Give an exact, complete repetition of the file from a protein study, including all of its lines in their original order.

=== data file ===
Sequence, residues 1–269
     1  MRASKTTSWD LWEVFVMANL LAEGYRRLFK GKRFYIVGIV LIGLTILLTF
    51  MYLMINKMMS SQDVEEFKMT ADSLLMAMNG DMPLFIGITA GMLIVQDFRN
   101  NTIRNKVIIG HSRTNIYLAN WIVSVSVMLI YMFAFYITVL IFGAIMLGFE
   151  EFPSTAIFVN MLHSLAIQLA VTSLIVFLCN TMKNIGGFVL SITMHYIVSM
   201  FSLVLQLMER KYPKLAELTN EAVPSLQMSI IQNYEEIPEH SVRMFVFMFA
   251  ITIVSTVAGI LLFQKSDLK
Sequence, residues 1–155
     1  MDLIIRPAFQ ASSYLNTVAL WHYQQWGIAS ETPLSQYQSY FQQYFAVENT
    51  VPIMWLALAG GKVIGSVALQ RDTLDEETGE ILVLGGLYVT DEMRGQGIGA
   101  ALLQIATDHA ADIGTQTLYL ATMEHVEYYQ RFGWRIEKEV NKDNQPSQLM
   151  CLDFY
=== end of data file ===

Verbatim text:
Sequence, residues 1–269
     1  MRASKTTSWD LWEVFVMANL LAEGYRRLFK GKRFYIVGIV LIGLTILLTF
    51  MYLMINKMMS SQDVEEFKMT ADSLLMAMNG DMPLFIGITA GMLIVQDFRN
   101  NTIRNKVIIG HSRTNIYLAN WIVSVSVMLI YMFAFYITVL IFGAIMLGFE
   151  EFPSTAIFVN MLHSLAIQLA VTSLIVFLCN TMKNIGGFVL SITMHYIVSM
   201  FSLVLQLMER KYPKLAELTN EAVPSLQMSI IQNYEEIPEH SVRMFVFMFA
   251  ITIVSTVAGI LLFQKSDLK
Sequence, residues 1–155
     1  MDLIIRPAFQ ASSYLNTVAL WHYQQWGIAS ETPLSQYQSY FQQYFAVENT
    51  VPIMWLALAG GKVIGSVALQ RDTLDEETGE ILVLGGLYVT DEMRGQGIGA
   101  ALLQIATDHA ADIGTQTLYL ATMEHVEYYQ RFGWRIEKEV NKDNQPSQLM
   151  CLDFY